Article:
5 Ways to Minimize Your Car Insurance Costs Automobile insurance. We spend thousands of dollars on it and then hope we'll never need it. By law and common sense, we know that we must have it. But that doesn't mean we should pay one dollar more for auto insurance than necessary. Shop around. …Read more. In Investing, No Risk Means No Reward Dear Mary: This may be the ultimate in stupid questions but it's been plaguing me for a while. Is there any value in converting my existing 401(k) into cash without removing the funds from my 401(k)? Do they even allow that? I hate losing all that …Read more. Readers Share Ways to Use This for That Eyeglass cleaner. If you're out when you realize your glasses or purse mirror needs cleaning, try using a drop of hand sanitizer to give you crystal-clear results instantly. This works great on glass, but should be tested on plastic. — …Read more. Cheapskate, Who Me? Some people think the word cheapskate is an insult. Not me. I enjoy being called a cheapskate. It reminds me that I'm not what I used to be: a credit-card junkie. There was a time I used plastic to fill the gap between my pathetic income and the …Read more.more articles
Make Your Own Laundry Detergent and Save Big
Today I want to introduce you to the idea of making your own laundry detergent. I know what you're thinking: Why on earth would we do that when laundry detergent is widely available? Store-bought detergent is a particular convenience for those of us who are already so busy we hardly can find time to do the laundry, let alone make the detergent.
There are several reasons, but the big one is cost. You can make your own detergent for about 3 cents per load. Commercial laundry detergent costs about 30 cents per load, depending on the type. If you make your own detergent, you may more easily afford milk, eggs, bread and other pantry staples that are rising in price so quickly.
Another reason to make your own detergent: allergies. Some people are allergic to the perfumes and other fillers in commercial detergents. The recipes that follow are very friendly for people who are sensitive to other detergents and laundry products.
I learned how to make laundry detergent from Stephanie Woods, owner of a fabulous Web site, Soaps Gone Buy. If you are unable to find these simple ingredients locally, you can order them online at SoapsGoneBuy.com. (You'll find my favorite stain treatment there, too: Soilove.)
POWDERED LAUNDRY DETERGENT: 1 cup grated Fels-Naptha soap; 1/2 cup Arm & Hammer Super Washing Soda (not baking soda, please!); 1/2 cup 20 Mule Team Borax.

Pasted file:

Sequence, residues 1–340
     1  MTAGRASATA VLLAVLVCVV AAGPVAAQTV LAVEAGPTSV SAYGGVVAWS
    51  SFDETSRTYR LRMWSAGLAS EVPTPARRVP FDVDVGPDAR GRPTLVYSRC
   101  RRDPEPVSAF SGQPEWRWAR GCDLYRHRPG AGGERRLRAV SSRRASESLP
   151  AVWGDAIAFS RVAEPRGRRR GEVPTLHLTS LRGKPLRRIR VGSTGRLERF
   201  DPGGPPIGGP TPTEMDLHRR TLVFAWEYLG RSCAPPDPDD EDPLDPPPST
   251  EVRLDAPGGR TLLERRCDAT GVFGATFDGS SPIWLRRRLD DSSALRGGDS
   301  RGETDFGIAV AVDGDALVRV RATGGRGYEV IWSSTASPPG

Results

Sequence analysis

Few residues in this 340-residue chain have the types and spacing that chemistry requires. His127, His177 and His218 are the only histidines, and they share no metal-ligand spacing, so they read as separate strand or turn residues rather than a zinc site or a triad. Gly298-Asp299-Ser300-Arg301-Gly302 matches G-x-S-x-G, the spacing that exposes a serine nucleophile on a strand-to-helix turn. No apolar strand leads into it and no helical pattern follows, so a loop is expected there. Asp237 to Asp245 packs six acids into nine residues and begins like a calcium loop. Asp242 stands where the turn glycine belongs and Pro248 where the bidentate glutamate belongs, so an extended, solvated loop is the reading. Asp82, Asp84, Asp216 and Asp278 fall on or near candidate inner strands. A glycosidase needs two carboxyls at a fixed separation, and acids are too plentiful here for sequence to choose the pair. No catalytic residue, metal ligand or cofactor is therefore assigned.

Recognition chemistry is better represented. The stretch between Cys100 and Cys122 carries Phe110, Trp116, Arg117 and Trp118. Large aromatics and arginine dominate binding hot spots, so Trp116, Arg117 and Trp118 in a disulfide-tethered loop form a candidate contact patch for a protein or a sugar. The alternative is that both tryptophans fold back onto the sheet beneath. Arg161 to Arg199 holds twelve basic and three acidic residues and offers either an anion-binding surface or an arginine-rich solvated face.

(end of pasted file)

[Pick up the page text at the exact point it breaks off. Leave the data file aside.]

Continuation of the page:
Mix, and store in airtight container or bag. For light loads, use 2 tablespoons. For heavy loads, use 3 tablespoons.
Big batch: To make a large batch, grate 6 bars of Fels-Naptha soap, and then add 3 cups of Arm & Hammer Super Washing Soda and 3 cups of 20 Mule Team Borax.
TIP: Homemade detergent will not make suds in your washer, so don't be alarmed. Fels-Naptha soap is pure and typically makes little or no suds in the water. This makes it perfect for use in the new high-efficiency washers, as well as traditional washers. You also will notice the need to reduce your laundry softener; in most cases, you even can eliminate the use of softener completely. You also can use white vinegar in the last rinse (one cup is plenty) to remove all traces of detergent.
LIQUID LAUNDRY DETERGENT: 3 pints water; 1/3 bar Fels-Naptha soap, grated; 1/2 cup Arm & Hammer Super Washing Soda (not baking soda, please!); 1/2 cup 20 Mule Team Borax; 2-gallon bucket for mixing; 1 quart hot water.
Mix Fels-Naptha soap in a saucepan with 3 pints hot water, and heat on low until dissolved. Stir in Arm & Hammer Super Washing Soda and 20 Mule Team Borax. Stir until thickened, and remove from heat. Add 1 quart hot water to 2-gallon bucket. Add soap mixture, and mix well. Fill bucket with additional hot water as needed (you should have about 1.5 gallons of the mixture), and mix well. Set aside for 24 hours or until mixture thickens. Use 1/2 cup of mixture per load.
Mary Hunt is the founder of DebtProofLiving.com and author of 17 books, including "Debt-Proof Living." You can e-mail her at firstname.lastname@example.org, or write to Everyday Cheapskate, P.O. Box 2135, Paramount, CA 90723. To find out more about Mary Hunt and read her past columns, please visit the Creators Syndicate Web page at www.creators.com.